Inevitably, protections will be put in place, and those who are lax about respecting them will be sued by victims--in part because their pockets are deep and they should know better.
Now abuse shelters tell women to turn off their phones the minute they walk through the door, but this is a sad state of affairs. Eventually, the phone companies will have to become part of the solution.
How that might work:
The organization put that policy in place after a close call. On Feb. 26, Jennie Barnes arrived at a shelter to escape her husband, Michael Barnes, according to a police affidavit filed in a domestic-violence case against Mr. Barnes in New Hampshire state court. Ms. Barnes told police she was afraid that Mr. Barnes, who has admitted in court to assaulting his wife, would assault her again.
Ms. Barnes told a police officer that "she was in fear for her life," according to court filings. The next day, a judge issued a restraining order requiring Mr. Barnes to stay away from his wife.
Later that day, court records indicate, Mr. Barnes called his wife's cellular carrier, AT&T, and activated a service that let him track his wife's location. Mr. Barnes, court records say, told his brother that he planned to find Ms. Barnes.
The cellular carrier sent Ms. Barnes a text message telling her the tracking service had been activated, and police intercepted her husband. Mr. Barnes, who pleaded guilty to assaulting his wife and to violating a restraining order by tracking her with the cellphone, was sentenced to 12 months in jail.
The cat and mouse on this one will be fascinating to watch. New rules galore.
NYT story that I've been waiting a while to read:
On the Internet, users supply the raw material that helps generate billions of dollars a year in online advertising revenue. Search requests, individual profiles on social networks, Web browsing habits, posted pictures and many Internet messages are all mined to serve up targeted online ads.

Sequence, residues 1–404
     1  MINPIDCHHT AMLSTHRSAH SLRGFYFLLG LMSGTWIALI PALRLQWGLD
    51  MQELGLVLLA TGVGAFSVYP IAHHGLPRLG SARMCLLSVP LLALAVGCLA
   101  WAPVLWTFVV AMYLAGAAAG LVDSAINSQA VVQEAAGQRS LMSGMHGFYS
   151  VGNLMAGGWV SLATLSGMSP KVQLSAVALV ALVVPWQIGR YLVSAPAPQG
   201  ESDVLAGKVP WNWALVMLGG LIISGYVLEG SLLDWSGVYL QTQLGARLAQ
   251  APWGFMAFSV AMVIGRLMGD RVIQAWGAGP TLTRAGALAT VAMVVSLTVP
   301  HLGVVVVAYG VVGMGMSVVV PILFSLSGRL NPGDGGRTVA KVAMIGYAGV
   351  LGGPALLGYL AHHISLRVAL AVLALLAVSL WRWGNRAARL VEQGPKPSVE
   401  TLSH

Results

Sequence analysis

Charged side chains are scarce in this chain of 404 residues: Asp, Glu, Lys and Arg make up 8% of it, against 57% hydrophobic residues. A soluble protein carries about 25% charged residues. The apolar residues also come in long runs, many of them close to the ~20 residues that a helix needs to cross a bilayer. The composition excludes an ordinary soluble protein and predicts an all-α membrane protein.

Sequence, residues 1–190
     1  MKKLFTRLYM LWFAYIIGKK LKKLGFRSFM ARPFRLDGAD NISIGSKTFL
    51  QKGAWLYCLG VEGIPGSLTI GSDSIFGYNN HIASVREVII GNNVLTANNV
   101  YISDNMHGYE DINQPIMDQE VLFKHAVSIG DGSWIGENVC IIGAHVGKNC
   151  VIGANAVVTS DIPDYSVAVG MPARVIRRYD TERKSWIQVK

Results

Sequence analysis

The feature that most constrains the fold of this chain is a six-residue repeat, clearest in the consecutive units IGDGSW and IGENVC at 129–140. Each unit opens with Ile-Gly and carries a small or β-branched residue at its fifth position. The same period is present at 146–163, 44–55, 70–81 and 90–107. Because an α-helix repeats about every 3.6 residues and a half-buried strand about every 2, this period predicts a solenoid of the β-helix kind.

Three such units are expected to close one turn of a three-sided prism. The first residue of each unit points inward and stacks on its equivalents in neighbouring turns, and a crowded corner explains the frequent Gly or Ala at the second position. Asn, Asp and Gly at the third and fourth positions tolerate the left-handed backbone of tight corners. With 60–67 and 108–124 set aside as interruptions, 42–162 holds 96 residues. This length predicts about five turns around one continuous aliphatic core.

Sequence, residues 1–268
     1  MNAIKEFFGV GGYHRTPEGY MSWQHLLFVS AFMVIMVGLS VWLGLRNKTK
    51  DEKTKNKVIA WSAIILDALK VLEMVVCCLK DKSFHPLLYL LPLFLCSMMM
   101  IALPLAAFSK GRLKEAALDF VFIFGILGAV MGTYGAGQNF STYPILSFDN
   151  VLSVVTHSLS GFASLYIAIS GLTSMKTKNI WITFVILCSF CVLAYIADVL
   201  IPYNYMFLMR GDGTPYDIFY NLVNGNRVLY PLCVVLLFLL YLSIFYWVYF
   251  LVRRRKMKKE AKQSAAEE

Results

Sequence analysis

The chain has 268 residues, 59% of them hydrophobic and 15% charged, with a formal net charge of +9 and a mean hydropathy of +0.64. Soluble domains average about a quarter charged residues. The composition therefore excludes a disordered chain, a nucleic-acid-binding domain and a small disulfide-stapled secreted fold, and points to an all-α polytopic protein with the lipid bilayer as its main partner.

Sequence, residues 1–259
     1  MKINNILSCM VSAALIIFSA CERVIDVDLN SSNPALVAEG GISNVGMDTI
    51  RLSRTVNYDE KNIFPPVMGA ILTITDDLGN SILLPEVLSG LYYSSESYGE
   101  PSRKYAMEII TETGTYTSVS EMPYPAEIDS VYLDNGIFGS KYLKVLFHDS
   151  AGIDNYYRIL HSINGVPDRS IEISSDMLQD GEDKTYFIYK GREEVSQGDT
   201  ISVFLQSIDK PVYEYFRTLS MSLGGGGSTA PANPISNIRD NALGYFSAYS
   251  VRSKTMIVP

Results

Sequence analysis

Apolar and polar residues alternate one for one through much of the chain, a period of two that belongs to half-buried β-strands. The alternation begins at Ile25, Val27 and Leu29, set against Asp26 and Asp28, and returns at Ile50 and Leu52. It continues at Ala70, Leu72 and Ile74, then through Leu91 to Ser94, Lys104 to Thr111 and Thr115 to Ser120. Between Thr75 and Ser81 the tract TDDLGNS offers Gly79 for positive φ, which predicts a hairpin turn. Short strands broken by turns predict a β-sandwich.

That is the question that animates Bynamite, a start-up company based in San Francisco. “There should be an economic opportunity on the consumer side,” said Ginsu Yoon, a co-founder of the company. “Nearly all the investment and technology is on the advertising side.”
Bynamite, to be sure, is another entry in the emerging market for online privacy products. The business interest in such products, of course, is being fed by worries about how much personal information marketers collect. Also playing a part are recent outcries after Facebook changed its privacy practices and Google introduced a social networking tool, Buzz, that initially shared information widely without users’ permission. Venture capital has been pouring into Web-based monitoring and privacy protection products like ReputationDefender and Abine, as well as services that help parents protect children’s privacy online, like SafetyWeb and SocialShield.
Bynamite brings a somewhat different perspective to the privacy market. “Our view is that it’s not about privacy protection but about giving users control over this valuable resource — their information,” Mr. Yoon said.
Both the protection and the value approaches to the privacy market could well pay off, says Randy Komisar, a partner at Kleiner Perkins Caufield & Byers, the venture capital firm. “What’s intriguing about Bynamite,” he said, “is its emphasis on privacy as revolving around choice and ownership of data, and ultimately a notion of an exchange of value.” (Kleiner Perkins is an investor in ReputationDefender but not in Bynamite.)
I think this is a great step forward toward an inevitable future. In my mind, the Googles of the world are largely ripping us off and achieving way too much power. The backlash will come, but this is the right way to channel it.
Economist story on how California always leads with new rules, and always leads on pot, so inevitable the two strains shall meet in this age of stressed state public finances.
Not that America leads the way on decriminalizing pot--far from it. We're bringing up the rear in the Core.
A bill now working its way in Sacramento: treat pot just like alcohol.
I think this is the path we're on.
Much shturm und drang to follow, but I see this happening eventually.
Economist editorial on the 2,300-page bill.
What it got right was dealing with the fragmented regulatory nature of our financial system.
But the rule-set's global influence will be limited:
At the G20 Mr Obama boasted of “leading by example” on financial reform. In fact, Dodd-Frank is too idiosyncratically American and too incomplete to be a true template for others. And his claim that it would keep a financial crisis like the one the world just went through “from ever happening again” is bound to prove wrong. Yet imperfect though it is, the reform is proof that even a government as fractious as America’s can move with impressive speed when the motivation is there.
Expecting more or better in this age of globalization's rapid expansion is simply unwarranted. We may have birthed the system, but it has grown in complexity and heterogeneity beyond our ability to lead by example in rule-set resets.
NYT story on the growing complexity of new rules regarding medical marijuana, with Colorado as ground zero for experimentation.